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26 MAY 2015

Welcome to our corporate-controlled future Internet with Facebook Instant Articles et al.

"There's a generational shift in technology happening right now: From the open Web to native apps, from desktops to mobile phones, from platforms built on standards to platforms owned by corporations. Let's call it the second Internet. Here's what it looks like: "Facebook Instant Article". That's right — it's Facebook. More than 1.44 billion people use Facebook every month, and almost a billion of them use it every day. The majority do so via the Facebook app on their phones.

Think about that: A decade ago, the majority of people using the Internet were doing so on desktop computers or laptops, accessing HTML and JavaScript websites. Today, a vast number — maybe not a majority, but a lot — experience the Internet primarily through Facebook's mobile app.

That's why publishers like the New York Times, Buzzfeed, and National Geographic were so eager to test out Facebook's new Instant Articles platform.

This platform puts publishers' stories directly into the Facebook app (on iOS only, for now), where they load more quickly than they would if Facebook just linked to the publishers' websites — which take an average of eight seconds to load, Facebook says. Instant Articles also offer a variety of snazzy tools for publishers to present their images and interactive elements."

(Dylan Tweney, 15 May 15 2015, VentureBeat)

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2015boundaries in cyberspace • Buzzfeed • closed systemcontent integrationcontent publishers • corporate exclusivity • corporate-controlled environment • corporatisationexclusivityFacebook app • Facebook Instant Articles • framed by the windowfunctionalist paradigm • future Internet • homogenizationhypermediated spaceimmediacy of experience • Instant Articles platform • instrumental rationalitylisablelogic of hypermediacymobile appsNational Geographic • native apps • New York Timesopen webperformativityproduct usabilitypublishing platform • Slack (app) • sterile placestechnology transparencyunified mediumuniformityusability engineering • VentureBeat • walled garden • window on to the world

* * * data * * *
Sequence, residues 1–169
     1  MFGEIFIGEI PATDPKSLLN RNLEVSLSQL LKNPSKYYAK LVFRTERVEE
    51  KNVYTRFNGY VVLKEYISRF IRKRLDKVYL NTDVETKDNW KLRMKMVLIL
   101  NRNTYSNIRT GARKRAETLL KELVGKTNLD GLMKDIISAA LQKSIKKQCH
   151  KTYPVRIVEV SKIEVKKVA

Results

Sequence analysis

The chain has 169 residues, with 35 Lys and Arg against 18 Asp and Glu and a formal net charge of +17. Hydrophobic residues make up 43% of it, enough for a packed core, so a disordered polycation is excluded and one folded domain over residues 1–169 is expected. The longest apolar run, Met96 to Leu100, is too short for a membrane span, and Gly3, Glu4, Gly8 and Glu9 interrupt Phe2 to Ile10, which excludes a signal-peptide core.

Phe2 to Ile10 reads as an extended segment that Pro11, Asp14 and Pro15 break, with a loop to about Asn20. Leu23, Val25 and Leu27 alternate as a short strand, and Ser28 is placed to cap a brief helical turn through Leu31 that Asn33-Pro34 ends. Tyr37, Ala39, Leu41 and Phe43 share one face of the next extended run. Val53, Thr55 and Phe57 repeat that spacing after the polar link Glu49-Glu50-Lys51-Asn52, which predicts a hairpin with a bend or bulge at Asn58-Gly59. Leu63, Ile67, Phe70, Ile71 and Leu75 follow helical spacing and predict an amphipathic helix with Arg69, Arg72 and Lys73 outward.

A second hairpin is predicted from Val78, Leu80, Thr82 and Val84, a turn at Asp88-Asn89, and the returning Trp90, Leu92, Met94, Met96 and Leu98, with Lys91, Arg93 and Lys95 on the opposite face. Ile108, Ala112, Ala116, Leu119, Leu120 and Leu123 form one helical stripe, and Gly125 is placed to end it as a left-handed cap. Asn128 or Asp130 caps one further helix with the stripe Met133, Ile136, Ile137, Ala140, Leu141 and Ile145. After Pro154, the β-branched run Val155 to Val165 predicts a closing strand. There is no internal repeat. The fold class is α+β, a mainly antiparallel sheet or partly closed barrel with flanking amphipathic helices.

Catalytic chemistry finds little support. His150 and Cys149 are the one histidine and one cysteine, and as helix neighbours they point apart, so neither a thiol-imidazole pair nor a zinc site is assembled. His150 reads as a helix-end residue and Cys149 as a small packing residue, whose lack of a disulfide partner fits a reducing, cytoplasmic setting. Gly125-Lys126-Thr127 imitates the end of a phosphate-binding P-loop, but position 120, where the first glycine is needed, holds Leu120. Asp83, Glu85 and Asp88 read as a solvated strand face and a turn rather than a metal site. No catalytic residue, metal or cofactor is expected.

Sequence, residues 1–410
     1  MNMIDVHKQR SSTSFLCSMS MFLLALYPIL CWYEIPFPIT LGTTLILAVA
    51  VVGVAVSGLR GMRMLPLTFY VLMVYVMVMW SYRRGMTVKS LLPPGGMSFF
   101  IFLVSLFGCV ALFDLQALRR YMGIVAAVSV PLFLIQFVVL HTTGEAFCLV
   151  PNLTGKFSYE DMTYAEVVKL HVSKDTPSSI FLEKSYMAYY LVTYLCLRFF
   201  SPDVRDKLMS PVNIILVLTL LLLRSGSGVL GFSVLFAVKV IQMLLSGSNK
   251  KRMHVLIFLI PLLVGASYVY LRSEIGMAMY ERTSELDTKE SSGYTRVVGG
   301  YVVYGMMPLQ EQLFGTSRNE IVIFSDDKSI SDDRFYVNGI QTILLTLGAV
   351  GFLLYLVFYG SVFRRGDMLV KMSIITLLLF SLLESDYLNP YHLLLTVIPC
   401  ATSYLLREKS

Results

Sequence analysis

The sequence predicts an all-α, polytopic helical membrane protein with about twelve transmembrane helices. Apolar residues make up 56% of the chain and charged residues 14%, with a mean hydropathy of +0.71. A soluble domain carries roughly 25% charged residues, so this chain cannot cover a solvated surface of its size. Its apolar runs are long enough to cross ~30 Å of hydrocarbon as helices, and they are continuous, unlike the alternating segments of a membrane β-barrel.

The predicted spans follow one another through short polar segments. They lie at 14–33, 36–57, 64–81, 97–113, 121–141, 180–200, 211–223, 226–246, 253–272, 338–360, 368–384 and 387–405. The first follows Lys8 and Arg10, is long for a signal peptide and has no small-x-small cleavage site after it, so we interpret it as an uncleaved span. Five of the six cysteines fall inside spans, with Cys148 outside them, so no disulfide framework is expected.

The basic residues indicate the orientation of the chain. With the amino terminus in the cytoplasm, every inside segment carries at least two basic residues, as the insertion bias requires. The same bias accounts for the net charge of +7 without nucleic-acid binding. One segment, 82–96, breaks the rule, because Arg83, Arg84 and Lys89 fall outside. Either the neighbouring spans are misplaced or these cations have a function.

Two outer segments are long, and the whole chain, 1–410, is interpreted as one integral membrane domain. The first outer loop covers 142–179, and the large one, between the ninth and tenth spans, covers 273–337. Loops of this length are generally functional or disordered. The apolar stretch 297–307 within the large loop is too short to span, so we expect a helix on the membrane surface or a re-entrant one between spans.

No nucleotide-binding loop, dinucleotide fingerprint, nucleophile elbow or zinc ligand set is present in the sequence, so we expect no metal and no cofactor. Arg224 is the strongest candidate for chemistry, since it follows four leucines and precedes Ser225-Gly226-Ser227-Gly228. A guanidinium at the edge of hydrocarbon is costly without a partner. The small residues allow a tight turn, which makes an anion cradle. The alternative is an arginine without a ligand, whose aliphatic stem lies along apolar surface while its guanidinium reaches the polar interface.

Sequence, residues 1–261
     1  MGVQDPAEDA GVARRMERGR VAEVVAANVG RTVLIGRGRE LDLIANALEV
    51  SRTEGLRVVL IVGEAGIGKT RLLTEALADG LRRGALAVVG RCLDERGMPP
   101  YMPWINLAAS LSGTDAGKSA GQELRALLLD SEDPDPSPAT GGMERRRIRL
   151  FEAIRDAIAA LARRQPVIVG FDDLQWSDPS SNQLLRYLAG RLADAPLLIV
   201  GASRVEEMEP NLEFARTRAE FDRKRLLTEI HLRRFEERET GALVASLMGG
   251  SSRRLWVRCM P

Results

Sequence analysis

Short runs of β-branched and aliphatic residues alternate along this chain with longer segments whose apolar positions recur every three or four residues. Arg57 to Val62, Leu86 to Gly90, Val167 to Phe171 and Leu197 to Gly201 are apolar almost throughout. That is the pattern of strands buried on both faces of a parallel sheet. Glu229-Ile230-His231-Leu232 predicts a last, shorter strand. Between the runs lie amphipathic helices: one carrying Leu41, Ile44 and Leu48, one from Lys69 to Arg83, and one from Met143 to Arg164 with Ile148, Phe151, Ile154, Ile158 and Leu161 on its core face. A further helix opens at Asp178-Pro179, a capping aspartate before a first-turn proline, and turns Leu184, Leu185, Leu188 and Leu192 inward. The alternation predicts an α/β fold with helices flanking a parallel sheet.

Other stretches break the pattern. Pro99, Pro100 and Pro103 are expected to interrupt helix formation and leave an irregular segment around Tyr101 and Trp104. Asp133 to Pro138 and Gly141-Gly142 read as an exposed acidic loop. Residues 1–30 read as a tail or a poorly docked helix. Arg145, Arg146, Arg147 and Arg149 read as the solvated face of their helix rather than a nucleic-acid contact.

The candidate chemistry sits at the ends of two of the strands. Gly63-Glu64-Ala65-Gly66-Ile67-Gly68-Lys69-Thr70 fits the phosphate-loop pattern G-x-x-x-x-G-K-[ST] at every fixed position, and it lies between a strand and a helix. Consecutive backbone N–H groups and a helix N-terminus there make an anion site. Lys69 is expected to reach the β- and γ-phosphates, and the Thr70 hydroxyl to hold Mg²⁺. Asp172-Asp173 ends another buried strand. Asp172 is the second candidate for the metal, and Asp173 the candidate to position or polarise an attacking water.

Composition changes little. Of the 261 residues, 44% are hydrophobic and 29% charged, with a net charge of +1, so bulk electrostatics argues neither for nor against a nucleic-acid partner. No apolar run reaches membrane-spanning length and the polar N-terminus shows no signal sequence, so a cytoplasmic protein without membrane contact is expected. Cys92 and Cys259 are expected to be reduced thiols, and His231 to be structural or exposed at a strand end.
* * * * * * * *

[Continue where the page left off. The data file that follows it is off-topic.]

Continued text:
CONTRIBUTOR

Simon Perkins
27 JUNE 2012

Design + Culture: A Return to Fundamentalism?

"whilst the application of design is multiplying exponentially, it is also loosing its validity as an authentic cultural icon. It has become synonymous with cloning the face of global culture itself, more often representing the uniformity of mass globalisation, rather than reflecting the facets of cultural difference and diversity.

The cultural attributes of difference and diversity have been fundamentally weakened, and like face that has undergone cosmetic surgery, the result is a facsimile vaguely familiar but disturbingly without a true sense of identity. It is everyone's and no one's, and belongs in no single place more than another. ...

Design has become omnipresent within Culture, as it has been adopted as a convenient badge to add value and market commodity, and to signify identity. Following Designer era of 1980's, the added value of design was replaced by design as cultural value, embodied in leading Brands of the 1990's. ...

in the 21st Century the task of capturing Culture has become more and more difficult in terms of expressing culture through the medium of design. Design increasingly struggles for a clear sense of definition, and one is left asking, what can Culture really mean today, if it is no longer tied to consumer lifestyle? We remain in a post–contemporary state where we require a redefinition of meaning, value and identity. ...

The uncertainty of a designed fusion Culture has replaced the certainty of traditional cultural monoculture. Which in turn has been diluted by an obsession with 'cultural materialism'. What remains of the original cultural sources are being plundered in order to restock our lack of creative DNA. The net result is an erosion of the remaining authentic sources, but also the creation of a 'cultural time lag' which has been generated by a convergence of trans–cultural fusions, hybridisation, and of recurrent cultural cross referencing."